Software modelling and simulation are vital aspects of Formula Student, where young engineers get to put their academic knowledge into practice.
Formula Student (FS) can trace its roota back to the 1980s, when the Society of Automotive Engineers (SAE) in the UNited States started running its Formula SAE programme. Today, hundreds of teams from universities around the world compete, designing single-seat race cars and honing their engineering and project management skills along the way.
A breeding ground for the motorsport pioneers of tomorrow, FS has received strong backing from the automotive industry, as well as software companies such as MathWorks. It provides FS teams with design tools to develop and test their vehicles, as well as behind the scenes support to get the best out of the software. According to MathWorks’ Christoph Hahn, the relationship with FS has evolved over the last number of years.
“MathWorks has been involved with Formula Student on a corporate level for four years,” he tells me. “Before, there were local engagements, but now we are sponsoring competitions.”
These competitions include Formula Student programmes in Germany, the UK and the USA. Teams use MathWorks software to crunch data and run simulations, refining their vehicle designs. In his role as technical education specialist, Christoph provides support to the teams, assisting them with the software and running video tutorials that cover a range of relevant topics and showcase best practice from the top teams.
There is no overarching governing body, so Formula Student competitions in each country can have slight differences in regulations. Nonetheless, the rules are largely uniform across the three territories that MathWorks is involved in.
“Every country has an organiser running a competition, but most of them are under the same rules umbrella, so there is a common rule set,” Christoph says.
This means performance can be measured across the UK, American and German events – Formula Student’s three biggest competitions. The Sponsorship deals see MathWorks provide its MATLAB and Simulink software free of charge, but students also have access to a range of other tools.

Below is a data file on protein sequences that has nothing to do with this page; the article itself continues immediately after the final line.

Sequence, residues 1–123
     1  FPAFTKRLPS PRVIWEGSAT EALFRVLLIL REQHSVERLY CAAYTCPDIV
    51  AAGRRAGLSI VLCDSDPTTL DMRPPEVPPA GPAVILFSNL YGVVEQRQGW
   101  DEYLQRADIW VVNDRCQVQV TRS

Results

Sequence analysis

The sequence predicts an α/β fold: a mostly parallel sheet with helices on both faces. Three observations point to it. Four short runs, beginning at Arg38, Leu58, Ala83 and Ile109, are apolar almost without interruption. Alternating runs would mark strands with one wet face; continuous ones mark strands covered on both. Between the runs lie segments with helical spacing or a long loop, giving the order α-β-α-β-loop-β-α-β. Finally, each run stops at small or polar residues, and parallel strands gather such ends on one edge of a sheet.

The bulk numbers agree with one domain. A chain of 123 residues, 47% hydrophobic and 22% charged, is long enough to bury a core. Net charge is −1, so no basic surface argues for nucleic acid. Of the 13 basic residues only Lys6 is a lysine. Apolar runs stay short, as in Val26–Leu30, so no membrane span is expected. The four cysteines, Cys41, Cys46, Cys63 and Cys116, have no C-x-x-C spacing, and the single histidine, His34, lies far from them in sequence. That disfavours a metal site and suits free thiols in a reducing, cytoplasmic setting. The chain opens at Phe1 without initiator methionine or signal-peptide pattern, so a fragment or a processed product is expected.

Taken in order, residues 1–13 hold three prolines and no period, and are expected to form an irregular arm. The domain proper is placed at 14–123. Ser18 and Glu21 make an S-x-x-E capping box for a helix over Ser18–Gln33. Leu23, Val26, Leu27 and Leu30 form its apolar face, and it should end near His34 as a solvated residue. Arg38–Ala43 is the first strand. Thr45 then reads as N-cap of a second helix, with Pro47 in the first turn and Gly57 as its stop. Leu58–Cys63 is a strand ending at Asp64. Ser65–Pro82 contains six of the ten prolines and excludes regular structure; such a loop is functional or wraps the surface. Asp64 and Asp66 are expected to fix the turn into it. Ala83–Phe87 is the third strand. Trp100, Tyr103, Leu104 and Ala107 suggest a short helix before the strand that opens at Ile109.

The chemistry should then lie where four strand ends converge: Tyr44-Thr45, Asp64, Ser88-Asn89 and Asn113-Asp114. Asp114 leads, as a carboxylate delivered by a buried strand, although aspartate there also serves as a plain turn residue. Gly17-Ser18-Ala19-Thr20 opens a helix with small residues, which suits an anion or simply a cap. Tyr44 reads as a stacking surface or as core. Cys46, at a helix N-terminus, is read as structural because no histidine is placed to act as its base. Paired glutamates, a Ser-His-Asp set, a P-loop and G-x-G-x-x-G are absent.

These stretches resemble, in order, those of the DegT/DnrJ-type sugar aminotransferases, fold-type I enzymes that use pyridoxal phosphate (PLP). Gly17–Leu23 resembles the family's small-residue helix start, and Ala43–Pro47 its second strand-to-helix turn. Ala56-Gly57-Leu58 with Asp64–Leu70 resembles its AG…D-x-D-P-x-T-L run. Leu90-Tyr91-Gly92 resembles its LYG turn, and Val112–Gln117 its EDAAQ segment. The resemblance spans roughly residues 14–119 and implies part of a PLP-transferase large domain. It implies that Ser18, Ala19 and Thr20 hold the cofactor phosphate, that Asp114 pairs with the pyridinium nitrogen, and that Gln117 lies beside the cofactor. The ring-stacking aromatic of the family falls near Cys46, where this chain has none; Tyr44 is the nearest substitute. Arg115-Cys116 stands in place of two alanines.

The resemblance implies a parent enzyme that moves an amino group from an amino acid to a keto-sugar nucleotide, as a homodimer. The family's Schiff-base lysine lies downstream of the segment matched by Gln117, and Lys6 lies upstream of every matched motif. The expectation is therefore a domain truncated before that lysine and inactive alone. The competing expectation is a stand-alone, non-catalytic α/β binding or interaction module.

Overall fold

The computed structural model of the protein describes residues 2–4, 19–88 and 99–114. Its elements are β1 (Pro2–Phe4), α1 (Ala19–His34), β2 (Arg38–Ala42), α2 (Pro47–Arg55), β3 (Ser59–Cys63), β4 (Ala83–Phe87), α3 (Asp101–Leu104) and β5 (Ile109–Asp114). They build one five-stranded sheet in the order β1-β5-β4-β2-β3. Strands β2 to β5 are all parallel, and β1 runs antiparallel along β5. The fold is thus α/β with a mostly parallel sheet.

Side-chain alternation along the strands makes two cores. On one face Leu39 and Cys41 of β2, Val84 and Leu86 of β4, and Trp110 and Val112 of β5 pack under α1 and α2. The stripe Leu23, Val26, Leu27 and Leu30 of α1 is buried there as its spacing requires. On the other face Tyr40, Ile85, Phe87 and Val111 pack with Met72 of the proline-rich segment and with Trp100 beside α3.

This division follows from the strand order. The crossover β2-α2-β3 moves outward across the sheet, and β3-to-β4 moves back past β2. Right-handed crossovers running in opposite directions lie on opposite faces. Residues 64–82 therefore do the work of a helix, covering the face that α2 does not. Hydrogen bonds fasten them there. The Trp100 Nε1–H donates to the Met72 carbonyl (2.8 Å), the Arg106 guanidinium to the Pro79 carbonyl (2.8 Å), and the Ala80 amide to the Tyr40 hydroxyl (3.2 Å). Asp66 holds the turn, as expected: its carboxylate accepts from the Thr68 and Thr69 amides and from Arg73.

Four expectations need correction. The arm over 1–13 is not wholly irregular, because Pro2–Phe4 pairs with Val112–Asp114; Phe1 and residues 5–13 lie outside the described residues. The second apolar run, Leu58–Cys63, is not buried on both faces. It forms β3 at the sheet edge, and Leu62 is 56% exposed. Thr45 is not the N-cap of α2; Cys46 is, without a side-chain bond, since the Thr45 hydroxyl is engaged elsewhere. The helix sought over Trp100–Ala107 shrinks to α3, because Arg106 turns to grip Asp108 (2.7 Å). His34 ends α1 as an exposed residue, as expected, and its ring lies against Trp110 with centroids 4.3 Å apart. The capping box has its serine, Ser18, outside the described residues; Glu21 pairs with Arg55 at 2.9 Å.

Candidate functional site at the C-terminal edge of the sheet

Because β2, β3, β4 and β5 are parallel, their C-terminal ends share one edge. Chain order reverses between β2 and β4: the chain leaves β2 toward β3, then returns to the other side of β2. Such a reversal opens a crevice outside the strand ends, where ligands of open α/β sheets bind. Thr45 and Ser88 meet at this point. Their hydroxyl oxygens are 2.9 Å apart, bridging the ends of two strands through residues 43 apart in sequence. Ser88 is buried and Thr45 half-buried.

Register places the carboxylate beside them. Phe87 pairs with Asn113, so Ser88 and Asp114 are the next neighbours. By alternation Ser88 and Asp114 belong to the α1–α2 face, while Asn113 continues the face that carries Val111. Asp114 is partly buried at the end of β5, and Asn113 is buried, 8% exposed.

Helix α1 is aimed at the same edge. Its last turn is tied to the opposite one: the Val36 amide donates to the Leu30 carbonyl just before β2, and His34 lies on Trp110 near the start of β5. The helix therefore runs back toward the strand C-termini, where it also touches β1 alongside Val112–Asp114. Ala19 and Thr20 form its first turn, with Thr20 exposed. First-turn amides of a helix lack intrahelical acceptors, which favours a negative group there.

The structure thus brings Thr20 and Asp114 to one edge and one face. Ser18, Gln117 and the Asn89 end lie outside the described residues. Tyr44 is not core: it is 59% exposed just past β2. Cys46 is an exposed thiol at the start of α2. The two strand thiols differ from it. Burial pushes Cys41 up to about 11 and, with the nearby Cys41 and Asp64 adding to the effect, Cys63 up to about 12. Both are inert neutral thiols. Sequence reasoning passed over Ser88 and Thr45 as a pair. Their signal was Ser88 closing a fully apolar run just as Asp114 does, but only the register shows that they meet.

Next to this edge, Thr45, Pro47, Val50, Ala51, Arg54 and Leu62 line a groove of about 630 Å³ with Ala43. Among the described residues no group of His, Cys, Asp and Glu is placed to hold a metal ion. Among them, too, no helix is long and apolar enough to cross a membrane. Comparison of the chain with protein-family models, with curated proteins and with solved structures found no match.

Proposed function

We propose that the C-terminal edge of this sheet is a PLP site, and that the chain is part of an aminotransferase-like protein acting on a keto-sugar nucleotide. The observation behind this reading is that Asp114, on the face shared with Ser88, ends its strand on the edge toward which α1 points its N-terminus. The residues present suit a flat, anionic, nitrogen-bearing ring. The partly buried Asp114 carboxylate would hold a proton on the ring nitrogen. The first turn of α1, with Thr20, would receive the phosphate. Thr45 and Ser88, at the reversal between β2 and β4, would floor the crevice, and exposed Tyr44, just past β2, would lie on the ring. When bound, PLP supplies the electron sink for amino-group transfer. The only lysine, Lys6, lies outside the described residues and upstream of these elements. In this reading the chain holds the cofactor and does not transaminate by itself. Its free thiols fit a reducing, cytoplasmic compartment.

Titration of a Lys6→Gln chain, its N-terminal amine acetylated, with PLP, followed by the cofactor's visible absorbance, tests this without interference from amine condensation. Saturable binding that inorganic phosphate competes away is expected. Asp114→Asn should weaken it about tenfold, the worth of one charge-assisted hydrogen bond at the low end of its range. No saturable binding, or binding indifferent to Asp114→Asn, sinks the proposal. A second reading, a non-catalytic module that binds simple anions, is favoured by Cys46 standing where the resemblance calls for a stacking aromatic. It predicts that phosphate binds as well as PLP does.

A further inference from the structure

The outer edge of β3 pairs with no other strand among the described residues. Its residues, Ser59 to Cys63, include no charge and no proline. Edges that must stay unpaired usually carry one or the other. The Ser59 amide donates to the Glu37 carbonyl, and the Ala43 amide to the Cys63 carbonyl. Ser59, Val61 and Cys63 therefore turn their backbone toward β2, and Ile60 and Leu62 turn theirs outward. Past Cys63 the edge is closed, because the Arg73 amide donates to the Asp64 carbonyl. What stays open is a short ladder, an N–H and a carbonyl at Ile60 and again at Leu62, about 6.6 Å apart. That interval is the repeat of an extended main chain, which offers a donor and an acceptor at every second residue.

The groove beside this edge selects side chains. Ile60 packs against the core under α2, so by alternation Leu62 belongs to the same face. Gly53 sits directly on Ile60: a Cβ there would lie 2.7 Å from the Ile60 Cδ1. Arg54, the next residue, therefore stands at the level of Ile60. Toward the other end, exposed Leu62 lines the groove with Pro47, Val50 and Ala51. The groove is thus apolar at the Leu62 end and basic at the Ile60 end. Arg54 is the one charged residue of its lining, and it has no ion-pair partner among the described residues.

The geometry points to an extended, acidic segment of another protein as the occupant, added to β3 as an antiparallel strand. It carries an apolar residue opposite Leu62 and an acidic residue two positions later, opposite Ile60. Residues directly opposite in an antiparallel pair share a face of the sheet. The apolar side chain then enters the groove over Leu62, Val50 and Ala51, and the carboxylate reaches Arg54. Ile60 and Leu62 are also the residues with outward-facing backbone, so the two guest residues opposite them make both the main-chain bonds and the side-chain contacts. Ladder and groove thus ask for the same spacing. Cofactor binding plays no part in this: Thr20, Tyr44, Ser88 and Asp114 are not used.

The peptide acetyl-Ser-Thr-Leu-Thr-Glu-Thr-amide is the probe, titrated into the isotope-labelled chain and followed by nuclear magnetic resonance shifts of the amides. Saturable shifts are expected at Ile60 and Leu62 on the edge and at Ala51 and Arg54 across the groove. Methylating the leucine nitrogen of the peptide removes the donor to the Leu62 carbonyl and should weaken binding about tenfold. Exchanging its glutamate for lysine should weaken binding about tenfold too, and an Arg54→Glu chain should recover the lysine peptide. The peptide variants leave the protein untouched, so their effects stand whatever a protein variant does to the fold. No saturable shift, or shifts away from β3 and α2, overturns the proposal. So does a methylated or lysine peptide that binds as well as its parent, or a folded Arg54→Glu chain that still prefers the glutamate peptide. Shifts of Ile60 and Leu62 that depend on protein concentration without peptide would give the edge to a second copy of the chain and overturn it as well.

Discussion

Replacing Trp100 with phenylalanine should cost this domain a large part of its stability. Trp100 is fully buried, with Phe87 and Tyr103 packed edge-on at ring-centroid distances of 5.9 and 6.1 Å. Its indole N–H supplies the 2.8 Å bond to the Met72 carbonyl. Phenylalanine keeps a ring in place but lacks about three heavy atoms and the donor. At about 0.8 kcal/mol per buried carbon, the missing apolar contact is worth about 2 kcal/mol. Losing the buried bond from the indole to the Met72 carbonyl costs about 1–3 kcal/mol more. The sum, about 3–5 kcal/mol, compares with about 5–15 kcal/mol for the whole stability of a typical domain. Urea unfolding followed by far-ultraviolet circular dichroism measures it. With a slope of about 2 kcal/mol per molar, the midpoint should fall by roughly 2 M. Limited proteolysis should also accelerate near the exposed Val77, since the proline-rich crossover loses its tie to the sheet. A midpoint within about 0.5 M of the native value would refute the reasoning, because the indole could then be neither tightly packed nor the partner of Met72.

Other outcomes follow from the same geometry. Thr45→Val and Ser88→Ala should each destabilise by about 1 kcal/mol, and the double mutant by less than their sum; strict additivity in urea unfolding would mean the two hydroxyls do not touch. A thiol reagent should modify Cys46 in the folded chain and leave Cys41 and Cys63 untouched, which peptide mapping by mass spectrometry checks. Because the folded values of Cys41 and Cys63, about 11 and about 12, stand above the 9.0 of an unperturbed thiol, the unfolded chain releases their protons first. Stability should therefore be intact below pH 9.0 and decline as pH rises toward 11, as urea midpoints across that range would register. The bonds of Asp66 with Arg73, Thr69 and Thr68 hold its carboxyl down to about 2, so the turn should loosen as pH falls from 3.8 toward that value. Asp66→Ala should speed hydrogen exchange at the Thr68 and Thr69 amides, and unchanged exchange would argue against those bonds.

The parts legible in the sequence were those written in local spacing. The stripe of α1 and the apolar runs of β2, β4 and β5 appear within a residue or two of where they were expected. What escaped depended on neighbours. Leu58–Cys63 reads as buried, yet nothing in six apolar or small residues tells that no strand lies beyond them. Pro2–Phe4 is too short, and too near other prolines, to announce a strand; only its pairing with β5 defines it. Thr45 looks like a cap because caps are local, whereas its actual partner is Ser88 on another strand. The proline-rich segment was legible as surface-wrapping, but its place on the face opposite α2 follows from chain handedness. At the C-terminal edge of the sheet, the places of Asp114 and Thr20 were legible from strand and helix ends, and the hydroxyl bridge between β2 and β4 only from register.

“To be honest, MathWorks tools can’t do everything in a car development process, so there are for sure other companies involved,” says Christoph.
“Basically what every team is doing – I would say without exception – is data logging, data processing with MATLAB, and I think this is the foundation. It’s also good news for us because all the teams are using this functionality. The more advanced the teams are, the more they get into the specialty of our topics.”
Teams use the MATLAB software to explore and refine vehicle dynamics, looking at data around energy consumption, lap time prediction, and basing design decisions on that information.
“Broadly speaking, MATLAB is really data analysis and visualisation, and people who want to do that, they probably will use MATLAB,” explains Coorous Mohtadi, senior member of the Technical Specialist Team at MathWorks.
“Simulink is a graphical environment which is built on top of the capabilities of MATLAB, and it allows you to do modeling and simulation, and what we refer to as model-based design.”
Electric vehicles – which Christoph says are increasingly popular – can have control algorithms developed and tested in Simulink before being trialed in real life. For many teams there isn’t always a physical vehicle available in the early stages of development, so Simulink provides a virtual platform to test on.
“They are doing the testing of the algorithms with virtual vehicles,” continues Christoph. “We call that physical modeling because they are actually modeling a vehicle – the power train, wheels, suspension. So they are more and more looking into that because testing outside on the track is very costly and time consuming.”
One can see how important the overall Formula Student project is for shaping tomorrow’s engineers. Hands-on experience in a competitive environment expands knowledge and pushes capabilities, and the programs being used have many applications across industry and academia. Having been part of an FS team himself not so long ago, the benefits are something that Christoph can attest to directly.
In the future, he sees electric cars becoming increasingly prevalent. Already capable of matching combustion vehicles, he thinks their popularity in the competition will continue to grow.
“When I did Formula Student in 2006/2007, there was just combustion cars, cars running classical engines,” says Christoph. “Now, for example, in Formula Student Germany, we have 40 electric teams and 75 combustion teams. So they are definitely catching up, and they are competing at the same level.”
This was borne out by recent results in Formula Student UK, where electric cars took the top two spots, while combustion vehicles claimed the next three. Christoph tells me some of the top universities are now choosing to run two vehicles: one electric, one combustion. Though ostensibly part of the same overall team, there is often a healthy level of competition between those working on the different technologies.
“You have to end up with a race car that is competitive at the end of the season,” he says. “It’s a challenging task, but during the task you learn so much.”